Over in the US, in late 2022 the White House issued a blueprint that will be used to form the foundation for an AI Bill of Rights. Unlike the regulations in China, these are currently non-bindings building blocks to allow state legislators to determine how to best regulate the matter. The blueprint does not provide specific steps that can be taken to ensure protections for citizens are put in place. Due to this absence, many organisations have considered the requirement of identifying marks for AI-generated works themselves. OpenAI, the developer of Chat-GPT, have previously indicated that they are already working on a way to “statistically watermark the outputs” that are created. It is hoped that the use of these markings will make it much more difficult to pass off the work of AI as human. In this sense, the developers are seeking to prevent parties from taking credit for work they have perhaps contributed to, but not completed themselves individually. This contrasts with the approach in China where the protections are designed to protect the users from the content itself, rather than protecting the effort and work taken to create it. Since this announcement, OpenAI have also released a tool that allows users to insert a piece of text and determine whether it was likely created by a human or AI.

Meanwhile in the EU, we are continuing to see the development of the EU’s proposed AI Regulation (“AI Act“). The AI Act will serve as an overarching regulatory environment for the block by enacting several protective obligations on vendors and users of AI. The EU’s approach assigns these technologies as ‘general-purpose AIs0, as they can be used for several different actions, rather than for one specific purpose. As the AI Act is still currently under review, it is not clear on whether they will take a strict approach, as with China, or a more guided approach as in the US to the indication of AI-generated content. Presently, however, there is a push by EU regulators to require companies to be more transparent on how their AI models work and several existing regulations that actively discourage the dissemination of misinformation. It would therefore stand to reason that we may see a more prescribed requirement to alert users to instances where they are interacting with AI-generated content. In instances where there is a chance that the content may unduly influence more vulnerable members of society, in accordance with the current provisions of the AI act, developers and organisations may even find the use of these technologies prohibited, in accordance with the provisions on prohibited practices.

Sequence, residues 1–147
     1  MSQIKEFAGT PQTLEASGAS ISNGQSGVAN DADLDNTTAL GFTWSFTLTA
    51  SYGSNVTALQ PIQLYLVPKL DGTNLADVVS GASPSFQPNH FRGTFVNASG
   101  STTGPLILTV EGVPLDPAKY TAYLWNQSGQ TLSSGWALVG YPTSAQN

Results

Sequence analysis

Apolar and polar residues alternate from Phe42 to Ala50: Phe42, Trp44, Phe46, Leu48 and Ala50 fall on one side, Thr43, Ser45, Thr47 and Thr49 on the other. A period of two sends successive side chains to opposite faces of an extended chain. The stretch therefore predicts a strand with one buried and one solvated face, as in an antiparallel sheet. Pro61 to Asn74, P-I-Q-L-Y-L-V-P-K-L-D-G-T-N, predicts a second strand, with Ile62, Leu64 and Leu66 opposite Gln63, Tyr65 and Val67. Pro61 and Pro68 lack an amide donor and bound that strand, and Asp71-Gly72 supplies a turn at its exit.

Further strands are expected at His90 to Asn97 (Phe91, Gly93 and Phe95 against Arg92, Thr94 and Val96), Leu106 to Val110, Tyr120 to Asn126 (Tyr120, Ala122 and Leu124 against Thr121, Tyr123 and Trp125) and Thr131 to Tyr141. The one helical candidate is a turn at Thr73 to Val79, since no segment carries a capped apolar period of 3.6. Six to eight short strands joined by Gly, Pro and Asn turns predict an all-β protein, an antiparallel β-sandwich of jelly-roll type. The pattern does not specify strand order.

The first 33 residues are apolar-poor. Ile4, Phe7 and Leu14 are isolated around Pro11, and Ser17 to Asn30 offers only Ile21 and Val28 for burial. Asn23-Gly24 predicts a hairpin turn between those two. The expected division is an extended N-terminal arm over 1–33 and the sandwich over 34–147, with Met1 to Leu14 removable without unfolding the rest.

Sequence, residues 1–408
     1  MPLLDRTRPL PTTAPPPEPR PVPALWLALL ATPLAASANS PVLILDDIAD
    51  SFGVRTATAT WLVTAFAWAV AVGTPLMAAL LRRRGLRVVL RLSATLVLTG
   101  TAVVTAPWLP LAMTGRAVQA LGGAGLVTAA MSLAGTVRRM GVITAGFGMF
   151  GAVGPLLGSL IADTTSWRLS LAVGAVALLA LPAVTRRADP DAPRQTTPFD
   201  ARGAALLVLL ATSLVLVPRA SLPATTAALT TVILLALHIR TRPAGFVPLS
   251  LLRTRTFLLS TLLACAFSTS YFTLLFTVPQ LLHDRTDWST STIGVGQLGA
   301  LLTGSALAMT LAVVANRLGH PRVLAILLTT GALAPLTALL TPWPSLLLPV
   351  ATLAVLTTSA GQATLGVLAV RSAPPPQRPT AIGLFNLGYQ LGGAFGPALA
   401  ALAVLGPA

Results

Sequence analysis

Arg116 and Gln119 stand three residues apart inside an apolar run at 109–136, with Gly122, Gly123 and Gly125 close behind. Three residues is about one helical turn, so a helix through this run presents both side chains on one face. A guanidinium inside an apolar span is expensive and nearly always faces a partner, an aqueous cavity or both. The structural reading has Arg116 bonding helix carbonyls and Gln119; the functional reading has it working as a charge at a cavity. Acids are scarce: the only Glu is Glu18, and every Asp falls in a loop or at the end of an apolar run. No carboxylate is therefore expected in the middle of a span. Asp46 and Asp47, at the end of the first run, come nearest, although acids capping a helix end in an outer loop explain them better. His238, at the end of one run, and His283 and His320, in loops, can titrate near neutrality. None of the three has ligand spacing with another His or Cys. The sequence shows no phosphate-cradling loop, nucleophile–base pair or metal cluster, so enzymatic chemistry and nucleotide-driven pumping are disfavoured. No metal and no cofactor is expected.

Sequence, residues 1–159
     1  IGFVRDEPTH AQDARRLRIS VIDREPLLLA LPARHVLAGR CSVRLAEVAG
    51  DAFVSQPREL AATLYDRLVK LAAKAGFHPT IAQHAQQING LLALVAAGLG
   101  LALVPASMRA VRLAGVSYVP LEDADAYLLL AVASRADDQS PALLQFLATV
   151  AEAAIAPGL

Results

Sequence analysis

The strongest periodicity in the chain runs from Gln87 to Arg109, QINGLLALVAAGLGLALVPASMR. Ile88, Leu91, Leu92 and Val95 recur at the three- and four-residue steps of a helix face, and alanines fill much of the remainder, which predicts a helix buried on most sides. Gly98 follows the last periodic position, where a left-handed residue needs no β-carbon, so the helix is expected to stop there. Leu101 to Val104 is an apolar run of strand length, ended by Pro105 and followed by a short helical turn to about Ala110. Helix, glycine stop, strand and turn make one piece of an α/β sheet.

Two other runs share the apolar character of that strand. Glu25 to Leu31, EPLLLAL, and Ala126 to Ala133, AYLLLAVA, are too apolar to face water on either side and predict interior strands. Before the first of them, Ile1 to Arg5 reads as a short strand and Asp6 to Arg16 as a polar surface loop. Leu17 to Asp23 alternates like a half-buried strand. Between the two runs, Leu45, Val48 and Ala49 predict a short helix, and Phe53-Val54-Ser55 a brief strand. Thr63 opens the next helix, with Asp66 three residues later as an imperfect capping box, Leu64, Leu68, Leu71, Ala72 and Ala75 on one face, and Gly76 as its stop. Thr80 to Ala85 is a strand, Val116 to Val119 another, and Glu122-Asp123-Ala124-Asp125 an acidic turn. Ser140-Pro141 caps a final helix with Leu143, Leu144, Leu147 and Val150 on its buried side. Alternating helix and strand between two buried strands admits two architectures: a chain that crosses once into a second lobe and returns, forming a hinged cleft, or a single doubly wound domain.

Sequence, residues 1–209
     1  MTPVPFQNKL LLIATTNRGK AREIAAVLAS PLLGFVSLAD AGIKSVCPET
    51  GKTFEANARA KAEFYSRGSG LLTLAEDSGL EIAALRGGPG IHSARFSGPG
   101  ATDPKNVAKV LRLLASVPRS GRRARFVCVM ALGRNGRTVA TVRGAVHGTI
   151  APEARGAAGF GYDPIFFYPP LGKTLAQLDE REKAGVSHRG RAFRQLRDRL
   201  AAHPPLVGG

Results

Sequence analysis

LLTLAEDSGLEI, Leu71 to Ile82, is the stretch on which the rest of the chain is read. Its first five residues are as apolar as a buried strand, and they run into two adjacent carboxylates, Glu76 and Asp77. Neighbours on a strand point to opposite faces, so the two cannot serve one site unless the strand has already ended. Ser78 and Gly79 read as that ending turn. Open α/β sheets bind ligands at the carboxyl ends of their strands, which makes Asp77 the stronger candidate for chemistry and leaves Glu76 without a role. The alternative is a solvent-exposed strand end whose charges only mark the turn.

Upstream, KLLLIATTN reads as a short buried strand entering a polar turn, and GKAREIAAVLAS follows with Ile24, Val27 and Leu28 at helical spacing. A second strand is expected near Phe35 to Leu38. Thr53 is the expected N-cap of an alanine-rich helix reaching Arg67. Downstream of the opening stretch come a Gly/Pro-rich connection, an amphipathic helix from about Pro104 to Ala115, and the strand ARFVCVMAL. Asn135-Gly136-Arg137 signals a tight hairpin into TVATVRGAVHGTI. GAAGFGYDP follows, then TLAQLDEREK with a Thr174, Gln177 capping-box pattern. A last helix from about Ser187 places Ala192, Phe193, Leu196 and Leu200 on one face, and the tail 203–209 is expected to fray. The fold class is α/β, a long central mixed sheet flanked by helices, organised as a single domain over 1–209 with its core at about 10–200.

What remains a consistent theme across jurisdictions is a growing push towards transparency, whether mandatory or otherwise, on whether the content being interacted with is generated by a human or AI. Unless there is a specific reason not to alert viewers/readers/users of this nature, it appears to be the most prudent step in achieving any ethical or regulatory obligation of transparency. Furthermore, the use of these indicators for AI-generated work may offer those interacting with it the opportunity to do so knowing that certain information may be inaccurate or require further investigation. Therefore, while a well-principled step in the dissemination of AI-generated content, it remains to be seen whether this will be implemented throughout industry unless obligated to do so.

Coran Darling

Coran Darling is a Trainee Solicitor at DLA Piper LLP with experience in data privacy, artificial intelligence, robotics, and intellectual property, having joined the firm from the technology industry. He is an active member of DLA Piper’s Working Group on AI and a committee member of the Society for Computers and Law specialist group on artificial intelligences with particular interest in algorithmic transparency.